On Wednesday, Governor Gavin Newsom announced in a $2 billion plan to reopen schools across California beginning in February, with all grades expected to be back in classrooms by the spring.
The plan, known as the Safe Schools for All Plan, would allow grades to return to public schools in different phases, beginning with younger grades. Kindergarten through second grade children would be the priority grades to come back first, along with students disproportionally impacted by the pandemic such as special education students, foster students, low-income students, and those learning English. This would be followed by grades 3 through 6 being phased in, with all grades K-12 returning to public schools no later than early spring 2021.
Schools themselves will be able to reopen once a COVID-19 safety plan is approved by state and local officials, and that the county of the school needs to have a seven-day average case rate of under 28 cases per 100,000 per day.
“The idea is to take grades K through six, with special education and disproportionally affected populations by this pandemic, but also more broadly impacted by a series of issues better defined in this state,” said Governor Newsom during the press conference on Wednesday. “We also want to improve our efforts to get everybody moving in a similar direction to be back on track, across the spectrum by early spring of 2021.”
Governor Newsom also highlighted the four “pillars” of the planned reopening.
The first pillar, funding, would come in through the $2 billion being funneled into the plan, equaling out to around $450 per student for in-person instruction, with variances in the amount given per students based on if they are low-income, are foster youth, or if they are learning English.
Safety and mitigation was also highlighted as an important factor, requiring frequent testing for students and staff, with weekly testing being required for schools with high transmission rates of COVID-19. All students and staff will have to wear masks, with schools themselves being on-boarded onto the School Portal for Outbreak Tracking (SPOT) contract tracing service in case of any outbreak. School staff will also receive vaccination priority next year.
Safe Schools for All will also have an oversight plan as another pillar, with state education and health agencies such as the Department of Public Health (CDPH) and Cal/OSHA coming together to help schools develop and implement their COVID-19 Safety Plans.
The last pillar, transparency and accountability, will allow the public to see where schools are currently in their reopening plans, what school transmission rates are, and generally if it is safe for kids there.
The return of in-class instruction
Altogether, the state’s plan is pushing for classes to resume in schools statewide as long as COVID-19 rates continue to go down.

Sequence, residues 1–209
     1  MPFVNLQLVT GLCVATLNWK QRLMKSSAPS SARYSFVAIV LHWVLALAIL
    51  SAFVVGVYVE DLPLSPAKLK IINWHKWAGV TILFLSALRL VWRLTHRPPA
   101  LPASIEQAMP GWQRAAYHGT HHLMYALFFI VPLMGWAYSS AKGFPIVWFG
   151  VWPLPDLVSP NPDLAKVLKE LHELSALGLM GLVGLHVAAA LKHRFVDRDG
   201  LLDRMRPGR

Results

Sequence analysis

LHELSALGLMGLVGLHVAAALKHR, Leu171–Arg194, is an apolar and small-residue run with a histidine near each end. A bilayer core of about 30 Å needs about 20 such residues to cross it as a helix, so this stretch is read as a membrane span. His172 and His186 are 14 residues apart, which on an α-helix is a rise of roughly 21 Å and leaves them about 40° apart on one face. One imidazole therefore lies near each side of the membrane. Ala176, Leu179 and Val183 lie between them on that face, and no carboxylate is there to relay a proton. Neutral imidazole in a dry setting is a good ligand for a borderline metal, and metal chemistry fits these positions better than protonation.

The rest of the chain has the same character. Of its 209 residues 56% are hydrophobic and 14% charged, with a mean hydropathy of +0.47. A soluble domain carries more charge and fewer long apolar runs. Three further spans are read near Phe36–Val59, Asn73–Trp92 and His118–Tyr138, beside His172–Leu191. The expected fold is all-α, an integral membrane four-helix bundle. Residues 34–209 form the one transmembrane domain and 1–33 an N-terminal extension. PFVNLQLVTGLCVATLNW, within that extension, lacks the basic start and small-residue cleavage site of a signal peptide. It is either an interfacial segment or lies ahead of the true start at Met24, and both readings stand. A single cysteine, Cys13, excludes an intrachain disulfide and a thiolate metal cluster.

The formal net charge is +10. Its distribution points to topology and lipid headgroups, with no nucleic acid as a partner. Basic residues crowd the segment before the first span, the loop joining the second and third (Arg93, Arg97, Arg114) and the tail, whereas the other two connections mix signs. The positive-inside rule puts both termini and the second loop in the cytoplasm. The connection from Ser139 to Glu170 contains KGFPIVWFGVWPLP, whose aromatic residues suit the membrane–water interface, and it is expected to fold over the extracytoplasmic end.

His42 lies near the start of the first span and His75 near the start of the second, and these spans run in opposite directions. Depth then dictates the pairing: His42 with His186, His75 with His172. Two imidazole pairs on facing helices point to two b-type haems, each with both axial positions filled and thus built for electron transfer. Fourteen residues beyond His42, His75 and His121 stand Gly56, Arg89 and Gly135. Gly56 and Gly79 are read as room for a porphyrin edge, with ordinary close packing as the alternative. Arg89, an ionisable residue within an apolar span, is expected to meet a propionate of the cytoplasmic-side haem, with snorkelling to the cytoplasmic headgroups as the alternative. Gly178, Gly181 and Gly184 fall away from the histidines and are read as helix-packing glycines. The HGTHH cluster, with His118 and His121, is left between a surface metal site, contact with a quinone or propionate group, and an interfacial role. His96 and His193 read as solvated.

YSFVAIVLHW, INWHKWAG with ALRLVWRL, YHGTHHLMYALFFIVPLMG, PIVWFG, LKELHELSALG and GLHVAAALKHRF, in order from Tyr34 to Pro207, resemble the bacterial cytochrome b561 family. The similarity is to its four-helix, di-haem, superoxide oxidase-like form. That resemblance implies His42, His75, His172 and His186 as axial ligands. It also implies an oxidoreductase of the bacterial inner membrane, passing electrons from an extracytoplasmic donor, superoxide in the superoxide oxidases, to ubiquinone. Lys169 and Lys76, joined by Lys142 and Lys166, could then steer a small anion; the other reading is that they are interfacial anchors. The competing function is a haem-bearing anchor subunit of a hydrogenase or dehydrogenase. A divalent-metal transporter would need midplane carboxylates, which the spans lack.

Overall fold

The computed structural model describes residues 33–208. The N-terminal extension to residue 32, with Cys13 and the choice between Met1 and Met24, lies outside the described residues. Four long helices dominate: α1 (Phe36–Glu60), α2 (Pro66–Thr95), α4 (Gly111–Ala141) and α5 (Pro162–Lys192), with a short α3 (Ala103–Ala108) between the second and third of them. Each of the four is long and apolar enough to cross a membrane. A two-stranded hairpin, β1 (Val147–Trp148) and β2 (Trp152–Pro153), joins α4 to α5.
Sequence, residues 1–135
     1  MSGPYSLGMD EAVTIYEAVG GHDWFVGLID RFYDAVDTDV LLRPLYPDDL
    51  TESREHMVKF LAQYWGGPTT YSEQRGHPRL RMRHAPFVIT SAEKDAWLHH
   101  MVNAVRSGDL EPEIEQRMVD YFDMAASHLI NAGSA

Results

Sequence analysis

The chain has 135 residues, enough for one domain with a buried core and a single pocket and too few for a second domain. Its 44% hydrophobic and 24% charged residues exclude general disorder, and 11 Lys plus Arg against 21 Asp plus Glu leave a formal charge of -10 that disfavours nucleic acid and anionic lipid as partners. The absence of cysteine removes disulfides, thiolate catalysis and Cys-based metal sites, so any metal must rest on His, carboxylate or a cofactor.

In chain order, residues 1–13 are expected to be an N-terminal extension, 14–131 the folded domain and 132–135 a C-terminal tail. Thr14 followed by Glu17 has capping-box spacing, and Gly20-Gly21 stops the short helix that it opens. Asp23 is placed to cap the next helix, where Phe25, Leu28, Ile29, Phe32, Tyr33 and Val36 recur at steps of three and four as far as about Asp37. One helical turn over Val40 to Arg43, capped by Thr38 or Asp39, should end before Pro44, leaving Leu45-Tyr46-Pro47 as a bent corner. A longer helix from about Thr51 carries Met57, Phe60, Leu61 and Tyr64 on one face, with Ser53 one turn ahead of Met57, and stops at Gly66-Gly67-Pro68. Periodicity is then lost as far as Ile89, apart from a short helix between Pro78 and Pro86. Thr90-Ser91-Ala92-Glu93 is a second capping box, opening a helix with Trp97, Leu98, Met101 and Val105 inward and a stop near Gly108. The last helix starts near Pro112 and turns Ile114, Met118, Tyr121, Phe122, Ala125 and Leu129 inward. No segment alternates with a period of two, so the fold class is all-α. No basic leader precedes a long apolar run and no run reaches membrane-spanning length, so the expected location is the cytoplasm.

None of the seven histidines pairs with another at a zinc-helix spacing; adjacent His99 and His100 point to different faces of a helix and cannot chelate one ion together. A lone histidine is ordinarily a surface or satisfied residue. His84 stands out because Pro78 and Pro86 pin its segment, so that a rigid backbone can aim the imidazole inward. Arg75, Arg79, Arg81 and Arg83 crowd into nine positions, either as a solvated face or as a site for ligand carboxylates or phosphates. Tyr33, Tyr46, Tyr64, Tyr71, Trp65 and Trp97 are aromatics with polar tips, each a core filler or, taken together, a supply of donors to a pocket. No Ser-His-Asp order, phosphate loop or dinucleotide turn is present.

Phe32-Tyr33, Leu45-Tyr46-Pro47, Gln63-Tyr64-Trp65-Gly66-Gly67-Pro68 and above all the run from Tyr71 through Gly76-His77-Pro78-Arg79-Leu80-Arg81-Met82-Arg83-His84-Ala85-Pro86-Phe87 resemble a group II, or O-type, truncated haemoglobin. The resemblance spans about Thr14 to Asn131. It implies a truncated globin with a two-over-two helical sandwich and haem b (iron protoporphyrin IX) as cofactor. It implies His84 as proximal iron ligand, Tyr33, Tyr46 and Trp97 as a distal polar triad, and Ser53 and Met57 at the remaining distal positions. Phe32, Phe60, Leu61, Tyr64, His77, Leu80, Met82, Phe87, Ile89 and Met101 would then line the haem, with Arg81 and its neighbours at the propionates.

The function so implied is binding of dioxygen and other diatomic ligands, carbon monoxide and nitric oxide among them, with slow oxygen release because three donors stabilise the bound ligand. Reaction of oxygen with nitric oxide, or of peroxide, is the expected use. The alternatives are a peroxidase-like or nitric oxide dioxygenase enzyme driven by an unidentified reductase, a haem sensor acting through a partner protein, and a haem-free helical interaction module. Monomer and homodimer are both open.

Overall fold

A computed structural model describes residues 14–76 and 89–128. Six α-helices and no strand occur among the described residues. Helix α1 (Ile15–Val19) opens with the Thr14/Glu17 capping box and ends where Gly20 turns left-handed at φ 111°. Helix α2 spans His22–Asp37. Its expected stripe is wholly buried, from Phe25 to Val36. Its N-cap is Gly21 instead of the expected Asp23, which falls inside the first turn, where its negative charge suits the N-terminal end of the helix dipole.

“As a parent of very young children, in-person instruction, there’s just no substitute for it,” said Newsom of bringing back in-person learning. “It’s just so much more difficult for a 4-year-old to focus on a device than a 14-year-old.”
Newsom also added that the lower risks and increased benefits from having in-person instruction would have a positive effect on students, especially younger students.
Many teacher reacted positively to the news while also noting that they wouldn’t think to go back unless masks were on at all times.
“Having students back in school is so important,” said Long Beach second grade teacher Monica Fernandez. “But we have to make sure it’s safe for everyone first. This plan seems to address that. But the approved school plans have to fill in all the details teachers are still concerned about. For example, we can’t have ‘mask breaks’ anymore. A lot of teachers nationwide have been giving ‘mask breaks’ to students to have a few minutes not wearing one during the day when it isn’t lunch. We cannot allow things like that, and we need rules that say that can’t happen.
“But, you know, kids need to come back for their education, we need to come back to teach better, and I’m sure parents would like their kids back at well. As long as it’s done safely you’ll be hard-pressed to find a teacher against this.”
Teachers and staff noted that being high on the list to receive the COVID-19 vaccine would help the transition and would make many teachers more willing to continue in-class instruction.
“There’s no question that the vaccine, when it’s available, will be a game-changer,” said state Superintendent Tony Thurmond on Wednesday. “But until the doses are available, it seems to me that there’s nothing more important than robust COVID testing and contact tracing.”
During the conference, Newsom also addressed possible issues, such as schools not complying with the new state rules or schools needing more time to to instruct students properly. The Governor responded by saying that schools would be disciplined in some way by the state and that the school year might be extended to make up for lost in-class time.
More details on initial K-2 grade in-class returns are expected to be released early next month in anticipation of a February start.
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